Why music venue closures 'make all of our lives poorer'
"They can be some of the best shows. You have everyone packed in... It's often the most intimate and standout experience on a tour."
That's how artist Isaac Gracie describes playing small venues around the UK - and it's a feeling many in the audience recognise too.
But the UK is at risk of losing more of its music venues, members of the British music industry say.
And now they're hoping parliament will help them stop the decline.
UK Music, which represents the British music industry, is pushing a new law based on something called the 'Agent of Change' principle.
The issue is all to do with building new homes near existing music venues.
Confused? Read on to find out more.
The industry man
UK Music says 35% of venues across the country have closed in the last decade.
"The big problem has been in recent years that developers have moved in next to pre-existing music venues," says the body's chief, Michael Dugher.
"All of a sudden, the people in a block of flats are complaining about the noise of a venue."
Agent of Change would mean that developers have to pay for soundproofing - either in the homes being built near venues, or in the venues themselves.
The idea is implemented in London, but UK Music would like to see it made law around the country.
The up-and-coming artist
Singer-songwriter Isaac Gracie, whose song The Death of You & I put him on the map last year, has featured in BBC Introducing sessions with Annie Mac and Huw Stephens on Radio 1.
The 22-year-old says the experience young artists get from playing small venues is "irreplaceable".
"I don't think I'd be doing what I was doing right now if that opportunity didn't exist," he told Newsbeat.
But playing small venues is not just good for artists, Isaac says: "It takes away in most cases a lovely part of the community.
"Often these venues speak a lot for the community and how people want to spend their time."
The old venue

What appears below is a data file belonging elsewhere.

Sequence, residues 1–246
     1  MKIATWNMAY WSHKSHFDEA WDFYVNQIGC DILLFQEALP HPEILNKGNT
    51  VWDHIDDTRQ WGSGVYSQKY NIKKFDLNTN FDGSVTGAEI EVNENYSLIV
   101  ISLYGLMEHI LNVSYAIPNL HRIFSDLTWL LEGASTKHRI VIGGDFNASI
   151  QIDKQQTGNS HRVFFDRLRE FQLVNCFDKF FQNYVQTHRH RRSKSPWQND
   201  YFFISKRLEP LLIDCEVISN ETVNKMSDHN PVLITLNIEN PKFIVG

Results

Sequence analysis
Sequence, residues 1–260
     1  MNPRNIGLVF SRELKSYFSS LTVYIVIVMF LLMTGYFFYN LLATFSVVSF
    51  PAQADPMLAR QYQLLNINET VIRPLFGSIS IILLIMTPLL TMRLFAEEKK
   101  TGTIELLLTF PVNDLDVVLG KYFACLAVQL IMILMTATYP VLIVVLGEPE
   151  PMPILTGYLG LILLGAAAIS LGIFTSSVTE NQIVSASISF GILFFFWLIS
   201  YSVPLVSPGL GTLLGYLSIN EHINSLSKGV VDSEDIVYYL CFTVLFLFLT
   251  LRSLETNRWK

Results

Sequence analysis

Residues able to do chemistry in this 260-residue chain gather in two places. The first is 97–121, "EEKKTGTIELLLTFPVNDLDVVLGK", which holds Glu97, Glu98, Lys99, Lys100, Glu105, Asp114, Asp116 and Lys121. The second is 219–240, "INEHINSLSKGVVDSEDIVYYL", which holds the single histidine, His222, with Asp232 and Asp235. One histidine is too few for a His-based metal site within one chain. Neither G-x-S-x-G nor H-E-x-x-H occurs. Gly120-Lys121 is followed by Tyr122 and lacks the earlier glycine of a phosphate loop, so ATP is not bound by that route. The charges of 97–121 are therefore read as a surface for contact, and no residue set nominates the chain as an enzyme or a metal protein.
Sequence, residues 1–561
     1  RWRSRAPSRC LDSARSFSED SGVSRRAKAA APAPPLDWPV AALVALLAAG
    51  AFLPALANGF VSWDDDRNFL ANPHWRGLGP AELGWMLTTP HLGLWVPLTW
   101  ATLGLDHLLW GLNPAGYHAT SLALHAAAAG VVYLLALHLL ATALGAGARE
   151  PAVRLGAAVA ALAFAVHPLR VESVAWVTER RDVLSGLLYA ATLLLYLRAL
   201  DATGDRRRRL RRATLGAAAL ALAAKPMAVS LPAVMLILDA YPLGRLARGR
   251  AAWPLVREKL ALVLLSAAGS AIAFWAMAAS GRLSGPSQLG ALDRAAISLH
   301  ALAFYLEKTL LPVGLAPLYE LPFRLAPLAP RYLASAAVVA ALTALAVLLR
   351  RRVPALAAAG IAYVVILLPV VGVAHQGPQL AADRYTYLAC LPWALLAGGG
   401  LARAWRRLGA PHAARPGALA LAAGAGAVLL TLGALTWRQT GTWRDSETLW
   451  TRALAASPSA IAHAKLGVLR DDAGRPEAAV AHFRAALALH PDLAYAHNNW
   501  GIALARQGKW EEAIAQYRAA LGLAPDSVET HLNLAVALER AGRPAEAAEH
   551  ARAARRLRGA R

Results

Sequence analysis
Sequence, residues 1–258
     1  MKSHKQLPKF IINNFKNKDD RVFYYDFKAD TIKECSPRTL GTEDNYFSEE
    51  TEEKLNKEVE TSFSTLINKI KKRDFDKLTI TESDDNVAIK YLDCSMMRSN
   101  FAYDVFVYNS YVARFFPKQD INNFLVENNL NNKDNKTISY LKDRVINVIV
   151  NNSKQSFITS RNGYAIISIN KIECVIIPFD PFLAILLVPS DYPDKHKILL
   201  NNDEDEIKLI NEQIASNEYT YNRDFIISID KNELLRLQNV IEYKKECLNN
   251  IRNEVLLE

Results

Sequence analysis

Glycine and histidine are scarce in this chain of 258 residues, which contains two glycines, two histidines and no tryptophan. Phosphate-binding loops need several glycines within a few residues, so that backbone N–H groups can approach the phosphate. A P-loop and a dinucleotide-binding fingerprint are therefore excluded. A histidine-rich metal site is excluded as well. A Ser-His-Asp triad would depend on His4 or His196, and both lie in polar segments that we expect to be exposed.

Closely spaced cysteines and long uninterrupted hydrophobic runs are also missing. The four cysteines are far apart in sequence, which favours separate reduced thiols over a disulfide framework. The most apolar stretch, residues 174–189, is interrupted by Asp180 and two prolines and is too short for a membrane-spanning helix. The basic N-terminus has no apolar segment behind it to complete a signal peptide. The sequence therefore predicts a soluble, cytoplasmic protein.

Bristol venue Thekla has hosted live music and club nights since the 80s.
Julie Tippins is from DHP Family, the company which owns the venue.
"Thekla is one of the few live music venues and nightclubs that operates from a boat on a harbour," she says - something which limits how much soundproofing they can do at the venue.
DHP Family says Thekla is under threat because of plans to build residential buildings nearby.
"It is completely avoidable if we build the right kind of soundproofing into residential developments," she says, arguing this hasn't happened in the planned development near Thekla.
"If we continue to lose live venues, then it will only just make all of our lives a little bit poorer."
The new venue
Luke Hinton is the main booker at small venue The Horn in St Albans, which has recently hosted bands such as Slaves and The Amazons.
Its main venue has been there since the 1970s and Luke says they work closely with local residents "to buy into the importance of the venue and having a grassroots venue in the town."
The Horn's success means it is now opening a second venue in nearby Bishop's Stortford.
Luke's advice for new venues is to "work with your local audience."
The team has been running noise tests to check the soundproofing of the new venue.
"We're doing a couple of lower-key test events with some bands rehearsing in the room," he says.
"There's going to be a lot of trial and error."
To get the community on board with the new venue, Luke says they've also been speaking to new artists, local music fans and customers from their existing venue.
"On the Saturday night we've got three of the strongest local acts in that area to really give it a kick-start and get the word of mouth out there," says Luke.
For him, it's all about convincing people of one thing: "These places are the life and soul of music in this country."
Additional reporting by Rick Kelsey.